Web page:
Wonderful! (Score 1 point for each “true”)

_____Numbers 2, 4, 8   Marking all 3 “true” means that your “stability of commitment” is

         perfect.  Congratulations!  (Score 1 point for each “true”)

_____Total points

                                                         LOVERS NEGATIVES

Marking any or all of 14, 15, 16 “false” means that you may be questioning the values of your marriage and the “loyalty” may be an issue.

Marking any or all of 13, 17, 18 “true” tells you that “openness” (communication) could be a problem.

Marking any or all of 6, 7, 11 “true” indicates that “value of trust” needs improvement.

Marking any or all of 3, 9, 10 “true” indicates that “empathy” is not a strongpoint.

Marking any or all of 1, 5, 12 “false” shows that “respect” may be lacing in your relationship.

Marking any or all of 2, 4, 8 “false” means that “stability of commitment” may be a problem.



16-18    Relationship is very good

13-15    Relationship is only fair…needs help

8-12      Relationship is very problematic and lacks strength

Below 8  Relationship needs immediate help to survive            Dr. Lenore Millian      (203) 313-1208

Office in Woodcliff Lake, NJ

Making Your Marriage Last: A LOVERS Quiz

July 12, 2012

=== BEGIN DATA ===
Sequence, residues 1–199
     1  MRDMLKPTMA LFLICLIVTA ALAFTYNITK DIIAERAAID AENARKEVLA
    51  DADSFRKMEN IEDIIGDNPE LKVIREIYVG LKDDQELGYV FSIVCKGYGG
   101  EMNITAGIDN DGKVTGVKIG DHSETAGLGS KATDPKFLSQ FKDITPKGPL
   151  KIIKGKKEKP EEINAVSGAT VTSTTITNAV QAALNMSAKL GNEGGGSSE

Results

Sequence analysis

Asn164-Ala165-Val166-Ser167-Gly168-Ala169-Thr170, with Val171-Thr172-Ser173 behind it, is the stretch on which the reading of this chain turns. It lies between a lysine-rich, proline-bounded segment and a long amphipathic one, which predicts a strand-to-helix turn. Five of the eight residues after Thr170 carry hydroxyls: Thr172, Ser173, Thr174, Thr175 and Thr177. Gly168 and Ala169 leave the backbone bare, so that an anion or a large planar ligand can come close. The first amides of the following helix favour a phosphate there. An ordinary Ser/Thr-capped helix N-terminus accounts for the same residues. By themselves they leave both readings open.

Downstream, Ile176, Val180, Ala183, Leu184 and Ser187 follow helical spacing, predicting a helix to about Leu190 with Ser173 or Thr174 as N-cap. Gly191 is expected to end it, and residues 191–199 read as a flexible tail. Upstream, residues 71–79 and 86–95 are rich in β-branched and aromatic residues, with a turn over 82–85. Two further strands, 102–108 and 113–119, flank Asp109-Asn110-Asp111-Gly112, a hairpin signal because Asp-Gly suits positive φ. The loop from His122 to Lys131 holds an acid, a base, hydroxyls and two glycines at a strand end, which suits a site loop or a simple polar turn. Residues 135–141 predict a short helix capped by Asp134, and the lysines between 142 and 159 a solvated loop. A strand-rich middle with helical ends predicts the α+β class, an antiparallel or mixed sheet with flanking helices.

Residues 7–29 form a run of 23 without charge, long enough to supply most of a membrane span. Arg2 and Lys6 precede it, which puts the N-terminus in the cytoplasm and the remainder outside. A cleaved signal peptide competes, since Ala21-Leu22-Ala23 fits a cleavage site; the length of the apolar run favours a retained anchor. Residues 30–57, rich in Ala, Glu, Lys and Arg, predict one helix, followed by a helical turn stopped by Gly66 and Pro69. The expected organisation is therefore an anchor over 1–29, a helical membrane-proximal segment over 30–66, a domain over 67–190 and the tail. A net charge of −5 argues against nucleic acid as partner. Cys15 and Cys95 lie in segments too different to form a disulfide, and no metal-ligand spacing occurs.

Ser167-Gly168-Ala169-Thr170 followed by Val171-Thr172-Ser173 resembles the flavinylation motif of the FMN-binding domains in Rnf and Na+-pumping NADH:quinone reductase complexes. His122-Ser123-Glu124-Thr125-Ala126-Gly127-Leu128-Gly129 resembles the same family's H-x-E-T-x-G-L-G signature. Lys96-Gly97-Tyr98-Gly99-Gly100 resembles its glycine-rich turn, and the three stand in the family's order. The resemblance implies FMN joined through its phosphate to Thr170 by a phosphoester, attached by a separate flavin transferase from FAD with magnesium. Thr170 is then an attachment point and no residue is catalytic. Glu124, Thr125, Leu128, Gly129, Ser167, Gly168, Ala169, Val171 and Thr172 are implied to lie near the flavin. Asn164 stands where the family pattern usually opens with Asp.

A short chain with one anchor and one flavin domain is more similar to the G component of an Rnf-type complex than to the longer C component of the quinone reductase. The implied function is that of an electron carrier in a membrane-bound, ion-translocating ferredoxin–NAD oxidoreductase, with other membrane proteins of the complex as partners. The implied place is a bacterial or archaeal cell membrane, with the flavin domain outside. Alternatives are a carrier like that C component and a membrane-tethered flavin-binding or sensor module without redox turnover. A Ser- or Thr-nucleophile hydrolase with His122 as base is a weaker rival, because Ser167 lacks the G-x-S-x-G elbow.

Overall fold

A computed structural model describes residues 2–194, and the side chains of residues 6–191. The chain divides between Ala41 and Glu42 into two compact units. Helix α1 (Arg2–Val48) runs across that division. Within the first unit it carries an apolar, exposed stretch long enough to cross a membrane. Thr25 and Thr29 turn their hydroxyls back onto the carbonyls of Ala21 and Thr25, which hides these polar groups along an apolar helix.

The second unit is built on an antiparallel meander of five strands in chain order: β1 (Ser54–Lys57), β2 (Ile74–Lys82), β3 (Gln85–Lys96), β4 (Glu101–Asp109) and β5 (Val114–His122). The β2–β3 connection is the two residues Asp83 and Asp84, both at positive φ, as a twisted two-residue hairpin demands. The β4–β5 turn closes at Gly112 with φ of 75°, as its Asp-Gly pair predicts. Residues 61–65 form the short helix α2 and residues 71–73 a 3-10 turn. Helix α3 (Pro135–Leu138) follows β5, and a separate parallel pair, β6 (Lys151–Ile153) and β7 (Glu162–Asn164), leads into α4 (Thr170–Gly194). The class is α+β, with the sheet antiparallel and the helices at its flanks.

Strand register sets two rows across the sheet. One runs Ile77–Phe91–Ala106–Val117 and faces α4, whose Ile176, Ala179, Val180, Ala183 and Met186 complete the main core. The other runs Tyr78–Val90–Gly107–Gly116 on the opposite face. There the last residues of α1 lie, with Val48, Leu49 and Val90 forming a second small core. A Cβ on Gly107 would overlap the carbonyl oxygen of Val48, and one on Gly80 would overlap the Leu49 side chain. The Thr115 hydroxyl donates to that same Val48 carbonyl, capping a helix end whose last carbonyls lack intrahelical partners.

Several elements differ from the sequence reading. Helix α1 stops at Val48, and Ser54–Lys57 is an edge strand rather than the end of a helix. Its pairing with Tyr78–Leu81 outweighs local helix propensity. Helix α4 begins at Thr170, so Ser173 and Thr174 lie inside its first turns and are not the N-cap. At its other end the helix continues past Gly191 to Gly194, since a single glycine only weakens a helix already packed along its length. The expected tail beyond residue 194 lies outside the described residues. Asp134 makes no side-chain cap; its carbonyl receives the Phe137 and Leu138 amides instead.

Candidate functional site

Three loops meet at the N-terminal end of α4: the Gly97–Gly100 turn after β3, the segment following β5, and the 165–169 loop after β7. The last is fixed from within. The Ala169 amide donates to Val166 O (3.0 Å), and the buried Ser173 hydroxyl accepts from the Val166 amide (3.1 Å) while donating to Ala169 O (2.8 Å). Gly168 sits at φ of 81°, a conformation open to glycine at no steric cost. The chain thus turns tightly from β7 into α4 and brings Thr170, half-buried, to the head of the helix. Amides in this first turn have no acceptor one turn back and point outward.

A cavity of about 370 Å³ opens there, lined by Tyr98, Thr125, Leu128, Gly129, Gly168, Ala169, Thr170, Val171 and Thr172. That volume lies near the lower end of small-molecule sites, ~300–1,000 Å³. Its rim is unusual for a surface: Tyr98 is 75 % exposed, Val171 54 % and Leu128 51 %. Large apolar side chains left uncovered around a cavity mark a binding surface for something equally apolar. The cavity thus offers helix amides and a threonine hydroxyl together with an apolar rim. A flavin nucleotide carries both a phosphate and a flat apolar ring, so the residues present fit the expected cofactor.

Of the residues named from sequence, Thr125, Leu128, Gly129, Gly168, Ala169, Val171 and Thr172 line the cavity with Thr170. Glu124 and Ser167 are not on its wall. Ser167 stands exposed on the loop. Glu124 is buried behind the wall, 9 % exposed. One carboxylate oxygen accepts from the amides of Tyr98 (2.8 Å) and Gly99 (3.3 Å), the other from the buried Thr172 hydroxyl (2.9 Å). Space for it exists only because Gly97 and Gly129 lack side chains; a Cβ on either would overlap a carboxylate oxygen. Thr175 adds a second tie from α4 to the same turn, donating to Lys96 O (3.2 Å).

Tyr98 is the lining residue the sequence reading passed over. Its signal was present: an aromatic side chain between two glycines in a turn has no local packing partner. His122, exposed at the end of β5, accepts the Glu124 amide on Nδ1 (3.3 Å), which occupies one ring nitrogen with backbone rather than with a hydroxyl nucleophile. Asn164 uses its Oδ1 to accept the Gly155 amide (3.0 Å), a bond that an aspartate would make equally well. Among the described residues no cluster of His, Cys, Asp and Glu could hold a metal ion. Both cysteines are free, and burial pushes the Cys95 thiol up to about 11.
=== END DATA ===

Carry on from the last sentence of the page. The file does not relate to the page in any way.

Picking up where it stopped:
By Lenore Millian, Ph.D.

Bride Again, Fall 2000

      When we become encore wives, we marry “for richer, for poorer, in sickness and in health, till death do us part.”  Based on the annual divorce rate, it might be more realistic to substitute “till your past marriage do us part.”  The rates of divorce and remarriage dictate that hundreds of thousands of women will become encore wives by marrying divorced or widowed men.

     As a second wife, I am one of you.  We second wives live  not only with our spouse but also with our spouse’s marital history.  These prior marital histories are far-reaching and potentially can have negative effects on our marriages.  As second wives, we have to deal with the fact that “we married more than just the man” and that our husbands have former wives, children, friends, and in-laws, which we must somehow successfully integrate into our lives in a healthy way.  However, sometimes when the integration process is underway, we experience difficulties that can get out of hand and escape into crisis.